Yesterday we invited people over for dinner, and I promised dessert.  I was already obligated to make cupcakes for W's coffee break at work, so I tried to find the perfect cupcake recipe.  It was impossible!  There are five hundred billion recipes for cupcakes!!

Finally at 5pm I decided to check one of my favorite websites: Smitten Kitchen.  I looked at a couple recipes and then saw this one: Chocolate Souffle Cupcakes with Mint Cream
Happy Valentine's Day to me!  It was love at first sight.  And at first bite.  *happy sigh*  One friend ate three of them. 

I didn't have enough time to make the mint cream so I served it with Bailey's Whipped Cream instead.  It was delicious, and the extra whipped cream went well with strawberries.  W's work cupcakes were dusted with powdered sugar since he felt funny about bringing in something with alcohol. 

As much as I enjoyed the challenge of finding a great recipe, the best part was sharing dinner and dessert with friends.  Thanks for sharing Valentine's Day with us!  And thanks to Smitten Kitchen and Cupcake Project for posting recipes.

Chocolate Soufflé Cupcakes courtesy of Smitten Kitchen
Makes 12 cupcakes

Chocolate Soufflé Cupcakes
6 ounces (170 grams) bittersweet or semisweet chocolate, chopped
6 tablespoons (3/4 stick) (86 grams) unsalted butter, cut into pieces
Heaping 1/4 teaspoon (1 gram) espresso or instant coffee powder
3 large eggs, separated
6 tablespoons (97 grams) sugar, divided
1/4 teaspoon salt
1 teaspoon vanilla extract

Preheat oven to 350°F. Line 9 standard-size (3-ounce) muffin cups with paper liners. Stir chocolate, butter and espresso powder together in heavy medium saucepan over low heat mostly melted, then remove from the heat and whisk until it is fully melted and smooth.  Cool to lukewarm, stirring occasionally.

Using electric mixer (a hand mixer, rather than a stand mixer, actually works best here because the volumes are so small) beat egg yolks and 3 tablespoons sugar in medium bowl until mixture is very thick and pale, about 2 minutes. Briefly beat lukewarm chocolate mixture, then vanilla extract, into yolk mixture. Using clean dry beaters, beat egg whites in another medium bowl until soft peaks form. Gradually add remaining 3 tablespoons sugar and all of the salt, beating until medium-firm peaks form. Fold whites into chocolate mixture in 3 additions. Divide batter among prepared cups, filling each three-fourths of the way.

Bake cakes until tops are puffed and dry to the touch (some may crack, embrace it) and a tester inserted into the centers comes out with some moist crumbs attached, about 15 to 20 minutes. Cool in pan on a cooling rack, where the cupcakes will almost immediately start to fall. It will be all the better to put your mint cream on them.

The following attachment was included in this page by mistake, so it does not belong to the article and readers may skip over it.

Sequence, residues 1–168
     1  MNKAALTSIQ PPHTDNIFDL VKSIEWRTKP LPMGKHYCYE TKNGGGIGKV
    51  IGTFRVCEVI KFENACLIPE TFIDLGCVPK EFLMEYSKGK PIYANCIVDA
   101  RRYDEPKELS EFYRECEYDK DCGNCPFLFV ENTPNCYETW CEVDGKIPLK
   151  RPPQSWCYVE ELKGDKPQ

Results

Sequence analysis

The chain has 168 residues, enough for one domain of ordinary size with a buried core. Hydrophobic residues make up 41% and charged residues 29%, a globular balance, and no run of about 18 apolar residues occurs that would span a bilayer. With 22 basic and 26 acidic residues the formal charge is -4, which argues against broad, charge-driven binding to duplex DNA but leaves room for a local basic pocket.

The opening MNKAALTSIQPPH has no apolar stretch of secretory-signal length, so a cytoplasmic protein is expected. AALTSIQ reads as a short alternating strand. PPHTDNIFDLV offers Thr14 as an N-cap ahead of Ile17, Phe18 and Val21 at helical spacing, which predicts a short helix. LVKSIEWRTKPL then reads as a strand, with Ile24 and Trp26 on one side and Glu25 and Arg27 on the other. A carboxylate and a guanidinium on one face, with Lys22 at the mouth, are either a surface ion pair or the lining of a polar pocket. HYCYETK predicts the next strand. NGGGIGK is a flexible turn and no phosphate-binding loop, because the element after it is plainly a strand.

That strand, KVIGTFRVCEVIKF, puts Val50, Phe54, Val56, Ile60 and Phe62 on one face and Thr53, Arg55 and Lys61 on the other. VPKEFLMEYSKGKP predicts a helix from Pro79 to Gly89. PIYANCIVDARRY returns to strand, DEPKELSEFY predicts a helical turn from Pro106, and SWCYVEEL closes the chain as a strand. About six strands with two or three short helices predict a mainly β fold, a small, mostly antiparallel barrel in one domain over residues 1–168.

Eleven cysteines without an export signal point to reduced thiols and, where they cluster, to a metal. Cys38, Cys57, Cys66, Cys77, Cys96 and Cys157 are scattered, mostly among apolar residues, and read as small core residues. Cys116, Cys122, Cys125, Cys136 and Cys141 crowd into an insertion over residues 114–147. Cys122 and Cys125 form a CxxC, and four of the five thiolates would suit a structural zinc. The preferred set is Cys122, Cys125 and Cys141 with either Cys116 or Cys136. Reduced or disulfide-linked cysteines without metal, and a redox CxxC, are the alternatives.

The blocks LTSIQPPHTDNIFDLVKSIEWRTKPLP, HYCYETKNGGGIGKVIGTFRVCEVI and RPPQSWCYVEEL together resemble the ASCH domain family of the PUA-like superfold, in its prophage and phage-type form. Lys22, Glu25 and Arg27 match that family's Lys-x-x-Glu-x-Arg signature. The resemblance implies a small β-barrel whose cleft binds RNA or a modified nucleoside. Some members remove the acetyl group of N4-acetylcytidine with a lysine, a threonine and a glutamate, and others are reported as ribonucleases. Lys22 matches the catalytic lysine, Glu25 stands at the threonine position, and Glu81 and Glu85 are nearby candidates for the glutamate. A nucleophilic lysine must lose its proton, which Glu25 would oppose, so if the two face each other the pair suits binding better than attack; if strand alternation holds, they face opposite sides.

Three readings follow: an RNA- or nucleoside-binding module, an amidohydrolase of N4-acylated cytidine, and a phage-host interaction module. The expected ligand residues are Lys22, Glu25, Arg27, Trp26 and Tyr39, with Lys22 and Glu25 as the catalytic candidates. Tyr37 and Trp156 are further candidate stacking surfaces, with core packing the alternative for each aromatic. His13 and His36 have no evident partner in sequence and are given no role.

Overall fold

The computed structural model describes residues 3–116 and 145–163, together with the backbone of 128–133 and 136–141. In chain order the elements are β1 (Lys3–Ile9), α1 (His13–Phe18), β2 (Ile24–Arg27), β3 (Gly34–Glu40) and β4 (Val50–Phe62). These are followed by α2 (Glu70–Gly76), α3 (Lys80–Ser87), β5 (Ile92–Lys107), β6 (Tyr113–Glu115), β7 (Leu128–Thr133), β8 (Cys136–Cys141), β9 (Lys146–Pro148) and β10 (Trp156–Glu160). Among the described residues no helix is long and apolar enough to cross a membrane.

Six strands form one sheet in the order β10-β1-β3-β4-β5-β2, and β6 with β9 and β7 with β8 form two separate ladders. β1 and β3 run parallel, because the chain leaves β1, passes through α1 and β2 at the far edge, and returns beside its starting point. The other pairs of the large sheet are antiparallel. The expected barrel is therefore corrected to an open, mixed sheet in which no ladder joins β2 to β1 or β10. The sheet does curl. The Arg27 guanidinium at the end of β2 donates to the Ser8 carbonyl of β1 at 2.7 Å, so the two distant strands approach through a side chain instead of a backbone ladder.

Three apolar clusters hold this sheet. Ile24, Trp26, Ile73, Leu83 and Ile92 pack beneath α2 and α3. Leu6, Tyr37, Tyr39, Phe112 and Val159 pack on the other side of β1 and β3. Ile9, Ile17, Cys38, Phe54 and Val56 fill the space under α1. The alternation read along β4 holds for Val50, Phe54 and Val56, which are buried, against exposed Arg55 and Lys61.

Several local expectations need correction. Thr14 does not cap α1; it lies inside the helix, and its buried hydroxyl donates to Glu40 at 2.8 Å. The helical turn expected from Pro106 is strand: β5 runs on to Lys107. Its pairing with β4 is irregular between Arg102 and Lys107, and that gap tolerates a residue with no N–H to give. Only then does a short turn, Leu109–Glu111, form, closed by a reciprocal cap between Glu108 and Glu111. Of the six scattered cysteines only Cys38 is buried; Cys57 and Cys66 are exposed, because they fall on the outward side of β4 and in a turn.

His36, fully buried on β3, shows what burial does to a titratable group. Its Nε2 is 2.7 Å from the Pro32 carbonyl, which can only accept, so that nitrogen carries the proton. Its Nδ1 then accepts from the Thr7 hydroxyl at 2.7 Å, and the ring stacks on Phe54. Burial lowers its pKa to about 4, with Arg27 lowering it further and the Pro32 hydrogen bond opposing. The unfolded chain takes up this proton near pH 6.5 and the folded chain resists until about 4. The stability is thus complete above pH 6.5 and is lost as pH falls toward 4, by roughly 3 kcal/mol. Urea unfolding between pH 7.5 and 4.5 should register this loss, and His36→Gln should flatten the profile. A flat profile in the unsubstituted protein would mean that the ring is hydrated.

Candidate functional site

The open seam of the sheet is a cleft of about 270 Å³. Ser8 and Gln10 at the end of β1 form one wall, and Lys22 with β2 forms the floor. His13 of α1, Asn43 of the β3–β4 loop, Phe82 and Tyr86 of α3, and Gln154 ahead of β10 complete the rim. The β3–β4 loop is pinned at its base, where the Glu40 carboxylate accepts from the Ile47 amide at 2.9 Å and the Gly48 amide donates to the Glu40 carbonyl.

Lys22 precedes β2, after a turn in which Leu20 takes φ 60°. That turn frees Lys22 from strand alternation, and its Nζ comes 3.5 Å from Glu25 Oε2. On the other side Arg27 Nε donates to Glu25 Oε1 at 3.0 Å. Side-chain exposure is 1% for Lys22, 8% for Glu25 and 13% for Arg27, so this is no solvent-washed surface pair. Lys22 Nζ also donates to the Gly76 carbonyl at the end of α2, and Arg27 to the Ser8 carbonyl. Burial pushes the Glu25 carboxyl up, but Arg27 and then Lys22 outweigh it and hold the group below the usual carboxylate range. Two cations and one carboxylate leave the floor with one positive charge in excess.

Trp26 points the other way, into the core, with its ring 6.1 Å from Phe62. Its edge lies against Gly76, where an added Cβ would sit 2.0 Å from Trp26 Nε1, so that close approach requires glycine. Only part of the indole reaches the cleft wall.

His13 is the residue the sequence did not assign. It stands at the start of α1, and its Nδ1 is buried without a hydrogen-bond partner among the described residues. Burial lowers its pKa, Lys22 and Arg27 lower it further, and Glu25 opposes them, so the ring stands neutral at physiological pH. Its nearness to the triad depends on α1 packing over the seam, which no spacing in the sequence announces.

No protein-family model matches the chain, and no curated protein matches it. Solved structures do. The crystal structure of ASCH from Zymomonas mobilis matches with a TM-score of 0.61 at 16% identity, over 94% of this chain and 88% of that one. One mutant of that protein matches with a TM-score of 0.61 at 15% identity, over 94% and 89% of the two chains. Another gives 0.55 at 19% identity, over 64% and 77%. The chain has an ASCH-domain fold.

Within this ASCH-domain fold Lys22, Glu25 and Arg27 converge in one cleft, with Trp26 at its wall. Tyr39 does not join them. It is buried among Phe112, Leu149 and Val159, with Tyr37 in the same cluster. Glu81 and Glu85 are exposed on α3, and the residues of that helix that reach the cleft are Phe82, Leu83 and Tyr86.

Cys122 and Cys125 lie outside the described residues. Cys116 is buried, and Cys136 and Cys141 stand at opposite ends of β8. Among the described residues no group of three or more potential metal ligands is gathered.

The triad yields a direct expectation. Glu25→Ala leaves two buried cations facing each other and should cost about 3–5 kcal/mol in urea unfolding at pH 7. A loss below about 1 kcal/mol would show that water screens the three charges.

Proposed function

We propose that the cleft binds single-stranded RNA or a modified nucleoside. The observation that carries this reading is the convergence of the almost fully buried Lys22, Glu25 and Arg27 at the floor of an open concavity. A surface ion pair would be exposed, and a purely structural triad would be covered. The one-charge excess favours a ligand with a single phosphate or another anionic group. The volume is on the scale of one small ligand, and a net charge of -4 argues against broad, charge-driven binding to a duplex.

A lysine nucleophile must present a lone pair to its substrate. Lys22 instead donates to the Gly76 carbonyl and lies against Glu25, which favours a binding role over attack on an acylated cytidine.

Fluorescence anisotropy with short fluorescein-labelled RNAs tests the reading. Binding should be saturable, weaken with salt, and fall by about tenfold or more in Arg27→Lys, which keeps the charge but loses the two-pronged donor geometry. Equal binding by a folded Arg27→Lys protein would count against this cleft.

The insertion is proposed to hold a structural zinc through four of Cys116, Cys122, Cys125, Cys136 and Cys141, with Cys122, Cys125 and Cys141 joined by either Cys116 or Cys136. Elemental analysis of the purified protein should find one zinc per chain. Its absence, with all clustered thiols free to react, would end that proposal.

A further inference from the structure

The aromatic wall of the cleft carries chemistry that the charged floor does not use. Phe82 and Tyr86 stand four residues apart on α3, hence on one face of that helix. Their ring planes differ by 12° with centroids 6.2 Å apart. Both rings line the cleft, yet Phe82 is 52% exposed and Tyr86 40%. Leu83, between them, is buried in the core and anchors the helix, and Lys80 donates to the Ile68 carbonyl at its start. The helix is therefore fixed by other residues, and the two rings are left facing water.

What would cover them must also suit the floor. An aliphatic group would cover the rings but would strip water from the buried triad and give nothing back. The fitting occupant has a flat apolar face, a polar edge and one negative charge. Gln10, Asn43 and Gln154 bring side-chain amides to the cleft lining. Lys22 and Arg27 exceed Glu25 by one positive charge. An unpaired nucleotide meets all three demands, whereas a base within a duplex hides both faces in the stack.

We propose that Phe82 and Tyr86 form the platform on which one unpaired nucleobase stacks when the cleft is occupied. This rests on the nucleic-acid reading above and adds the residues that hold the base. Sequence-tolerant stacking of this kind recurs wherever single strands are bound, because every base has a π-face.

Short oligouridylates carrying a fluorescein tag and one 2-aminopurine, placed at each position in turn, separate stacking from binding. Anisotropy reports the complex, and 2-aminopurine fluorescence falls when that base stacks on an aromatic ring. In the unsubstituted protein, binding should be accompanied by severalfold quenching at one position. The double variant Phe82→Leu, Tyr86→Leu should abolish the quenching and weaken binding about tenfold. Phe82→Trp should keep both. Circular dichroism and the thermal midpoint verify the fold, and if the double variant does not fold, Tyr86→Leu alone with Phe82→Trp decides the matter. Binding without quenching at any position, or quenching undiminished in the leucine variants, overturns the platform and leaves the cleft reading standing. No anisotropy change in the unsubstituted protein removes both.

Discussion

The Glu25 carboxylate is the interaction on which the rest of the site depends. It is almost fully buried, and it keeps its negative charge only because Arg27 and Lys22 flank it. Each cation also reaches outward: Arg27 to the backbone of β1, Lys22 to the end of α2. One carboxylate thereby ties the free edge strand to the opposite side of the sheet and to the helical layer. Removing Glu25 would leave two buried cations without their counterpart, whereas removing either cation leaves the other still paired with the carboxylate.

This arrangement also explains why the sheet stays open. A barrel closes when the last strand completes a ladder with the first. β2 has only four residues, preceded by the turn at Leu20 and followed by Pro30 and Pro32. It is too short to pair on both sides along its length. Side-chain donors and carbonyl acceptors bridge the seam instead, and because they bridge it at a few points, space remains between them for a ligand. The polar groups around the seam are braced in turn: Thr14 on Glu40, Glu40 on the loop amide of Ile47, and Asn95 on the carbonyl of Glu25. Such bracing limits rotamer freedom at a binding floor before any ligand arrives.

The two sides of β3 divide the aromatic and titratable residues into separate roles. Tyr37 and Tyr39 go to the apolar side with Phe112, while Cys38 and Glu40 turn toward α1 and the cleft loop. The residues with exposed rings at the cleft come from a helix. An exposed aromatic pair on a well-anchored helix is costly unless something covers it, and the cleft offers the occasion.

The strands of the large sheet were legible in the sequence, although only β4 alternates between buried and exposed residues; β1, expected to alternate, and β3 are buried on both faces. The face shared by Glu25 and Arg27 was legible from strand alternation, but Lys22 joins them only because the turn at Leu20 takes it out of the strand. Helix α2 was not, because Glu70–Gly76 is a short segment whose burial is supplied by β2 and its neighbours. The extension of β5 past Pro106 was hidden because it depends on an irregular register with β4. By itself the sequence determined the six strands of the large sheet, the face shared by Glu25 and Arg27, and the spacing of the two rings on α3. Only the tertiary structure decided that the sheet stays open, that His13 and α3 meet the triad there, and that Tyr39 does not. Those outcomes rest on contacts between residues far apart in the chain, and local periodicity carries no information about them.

From Cupcake Project:
Bailey's Irish Cream Whipped Cream
  1. Whip heavy whipping cream until it looks like whipped cream.
  2. Mix in sugar and Baileys Irish Cream until just combined.

Tuesday, February 8, 2011

Chinese Steamed Fish

The first time I tried to make this dish I went all out.  I bought a fish that had been swimming in a tank mere hours before we consumed it.  The Asian grocery store scales it and everything so all I had to do was follow the recipe.  It seemed simple enough, and I was patting myself on the back for being so Chinese.  W was gonna love it!

Of course that fairy tale ended as soon as I started seasoning the fish.  I think I was adding salt or something on the outside and I swear the stupid thing jumped a little.  I, in turn, jumped a mile and swore really loudly (I don't swear often, I promise).  I stuck it in the fridge until I had the nerve to finish prepping it.  The fish tasted okay, but it wasn't the tender, flaky, steamed goodness that I had wanted.

I finally decided to attempt the recipe again, but this time I used cod fillets.  What can I say?  I'm an ABC.  The results were better, but I probably over-cooked it a little.  We still ate all of it, and I think with practice it'll be a nice staple.  I wish fresh seafood was more readily available, but at least I can improvise.  There are probably simpler ways to prepare this but I appreciated the details of this recipe.

Thanks to Steamy Kitchen for the recipe!
Chinese Steamed Fish

1 pound whole fish (or fillets 1″ or thicker) yields the best results
4 stalks, scallions – cut into 3″ lengths
3″ piece of ginger – slice into “coins”
small bunch of cilantro
1 1/2 tablespoons Shaoxing wine to pour on fish prior to steaming (or any cooking wine like dry sherry)
salt & pepper
2 tablespoons rough chopped cilantro
1 teaspoon sesame oil
2 tablespoons soy sauce
1/2 teaspoon sugar
1/4 teaspoon salt + 1/4 teaspoon white pepper (or black pepper if you don’t have white)
fresh chilli – thinly sliced (optional)
2 stalks, scallions – cut into 3″ lengths
2″ piece of ginger – finely julienned to the skinniest, thinnest strips you can possibly manage without a microscope
2 tablespoons cooking oil
Equipment: shallow pan to hold fish & large pot or wok for steaming. If you don’t have a fancy steamer or steamer insert, take a shallow-ish bowl and invert to use as a stand. Or…3 shot glasses inverted.
1. Clean & Stuff: Clean your fish, pat dry. Season generously inside and out with salt and pepper. Take half of (A) and stuff inside the fish. If you are using fillets, skip this.
2. Make your bed: Take the other half of (A) and lay it in a shallow pan. If using fillets, just use all of (A) for the bed. Lay the fish on top of the bed. If fish is too long, cut in half. Pour 1 1/2 tablespoons Shaoxing wine on top of the fish.
3. Steam: Add 2″ of water to your large pot, cover and boil. When it is boiling, uncover and wipe the inside of the cover clean of any condensation (all this condensation will drip back down on your fish, diluting the flavor) Put your fish pan inside, propped up with a small inverted bowl. Steam the fish on medium (see below for cooking times).